Woman’s Safety A Responsibility Of Employer, If She Works After 7pm
Women’s safety is probably the biggest concern for us today, keeping in view the ever increasing rape culture. Many of us try not to go out at night only because we do not have to face any such thing. But what if you’re a working woman and your employer asks you to stay till late night? If you think there’s nothing you can do regarding this, then you might be wrong. A bill which is likely to be introduced in the on-going session of the parliament says that the “Security and Dignity” of a woman worker is paramount.
As per the bill, 6am to 7pm is the time when the employer can ask a woman to work, i.e., working hours for the women can be only between 6 am to 7 pm. If the employer asks the woman to work beyond these hours, he has to ensure her safety. Moreover, also on a holiday, the employer cannot ask the woman to work. However, if there’s urgency, even then the safety of the woman has to be ensured by the employer.
“It is fine that the security is now the responsibility of an employer. But we also need to work on the fact the women are not secure at night. Till when is someone going to protect us? We should be free to walk on roads no matter what the time.”
Richa Singh, an employee at Big Bazaar, says, “This is perfect. It will ensure the safety of women. Till seven, it is safe enough for us to move out. However, as it gets late, it becomes dangerous for a girl, considering the present scenario. If our safety becomes the responsibility of the employer, our safety is best ensured.”
There’s another inclusion in the bill, which defines the family of a worker under law. The family now also constitutes dependent grandparents. This means that the benefits that the parents are liable to enjoy will also be given to the dependent grandparents. According to The Hans India, the Bill, Code on Occupational Safety, Health and Working Conditions 2019, cleared by the Cabinet is being examined by the Law Ministry and would soon be introduced in Parliament.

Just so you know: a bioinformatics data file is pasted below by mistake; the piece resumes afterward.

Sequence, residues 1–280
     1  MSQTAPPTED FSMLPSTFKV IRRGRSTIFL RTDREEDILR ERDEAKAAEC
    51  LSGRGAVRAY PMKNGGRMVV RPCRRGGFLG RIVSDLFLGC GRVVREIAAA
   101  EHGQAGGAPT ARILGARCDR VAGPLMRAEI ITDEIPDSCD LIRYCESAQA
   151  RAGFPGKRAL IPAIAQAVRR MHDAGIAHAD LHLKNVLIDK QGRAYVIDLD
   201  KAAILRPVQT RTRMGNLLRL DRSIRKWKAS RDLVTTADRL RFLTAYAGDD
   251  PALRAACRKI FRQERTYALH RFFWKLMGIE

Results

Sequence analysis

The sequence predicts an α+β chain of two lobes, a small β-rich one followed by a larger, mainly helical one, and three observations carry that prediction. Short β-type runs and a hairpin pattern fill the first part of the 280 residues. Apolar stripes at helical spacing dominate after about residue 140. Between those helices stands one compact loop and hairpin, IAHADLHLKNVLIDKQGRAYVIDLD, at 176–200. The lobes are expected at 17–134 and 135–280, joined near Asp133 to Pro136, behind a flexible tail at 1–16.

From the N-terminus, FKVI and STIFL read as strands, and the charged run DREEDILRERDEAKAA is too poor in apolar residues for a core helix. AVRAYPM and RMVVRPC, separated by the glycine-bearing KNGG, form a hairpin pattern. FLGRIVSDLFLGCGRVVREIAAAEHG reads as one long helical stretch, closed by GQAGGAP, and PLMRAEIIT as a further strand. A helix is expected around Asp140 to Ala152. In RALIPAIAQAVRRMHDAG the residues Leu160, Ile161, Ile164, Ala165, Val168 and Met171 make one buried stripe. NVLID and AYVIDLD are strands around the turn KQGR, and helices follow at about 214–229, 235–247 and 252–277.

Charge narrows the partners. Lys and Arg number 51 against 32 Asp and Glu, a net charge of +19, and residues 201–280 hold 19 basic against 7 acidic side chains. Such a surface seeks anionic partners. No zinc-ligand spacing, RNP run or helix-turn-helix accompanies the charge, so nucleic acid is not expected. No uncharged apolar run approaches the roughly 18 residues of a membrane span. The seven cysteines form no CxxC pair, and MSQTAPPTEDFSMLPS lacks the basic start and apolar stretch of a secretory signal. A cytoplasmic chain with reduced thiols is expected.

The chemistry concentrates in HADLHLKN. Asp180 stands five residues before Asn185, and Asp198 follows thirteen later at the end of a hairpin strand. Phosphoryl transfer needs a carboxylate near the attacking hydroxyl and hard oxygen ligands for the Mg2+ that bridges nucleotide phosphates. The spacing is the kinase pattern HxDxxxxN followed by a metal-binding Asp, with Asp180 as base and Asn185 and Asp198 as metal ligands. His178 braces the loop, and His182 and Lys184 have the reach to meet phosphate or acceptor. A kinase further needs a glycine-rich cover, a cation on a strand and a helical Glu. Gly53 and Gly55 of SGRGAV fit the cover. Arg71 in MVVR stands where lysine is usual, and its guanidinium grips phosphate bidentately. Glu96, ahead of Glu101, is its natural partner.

Akanksha Srivastava, Assistant Professor at Rama University Kanpur, says, “It is fine that the security is now the responsibility of an employer. But we also need to work on the fact the women are not secure at night. Till when is someone going to protect us? We should be free to walk on roads no matter what the time is.”
Now taking the consent of the worker regarding working hours is also included in the bill. Last week, a Group of Ministers headed by Home Minister Amit Shah suggested adding certain points in the Bill, including “taking the consent of the worker with respect to overtime hours.” Also for the benefit of both the employer and the worker, the overtime hours will be enhanced to 125 hours which were previously enhanced to 100 hours.
Other welfare facilities like crèche for children, canteen for quality food, first aid facilities in case of any mishap and provision of a welfare officer are also included in the list.
Other welfare facilities like crèche for children, canteen for quality food, first aid facilities in case of any mishap and provision of a welfare officer are also included in the list. These are given prime importance in the bill. These welfare facilities will have to be taken care of by every organisation, as far as practically feasible. Like the wage bill, the Occupational Safety, Health and Working Conditions Bill subsume relevant provisions of at least 13 existing Central Labour Laws.
“We have tried to make laws easier and better for the worker. We have also tried to ensure a balance between rights of the workers and the employers. The government has given top priority to the safety of women. For working journalists, including those working in the electronic media, better wages and working conditions have been assured,” said a top official of the Labour and Employment Ministry.
Other facilities like free annual health check-up for the workers and providing an appointment letter to every working employee, are also included in the bill. These changes have been made after consultations with central trade unions, employers’ associations and state governments.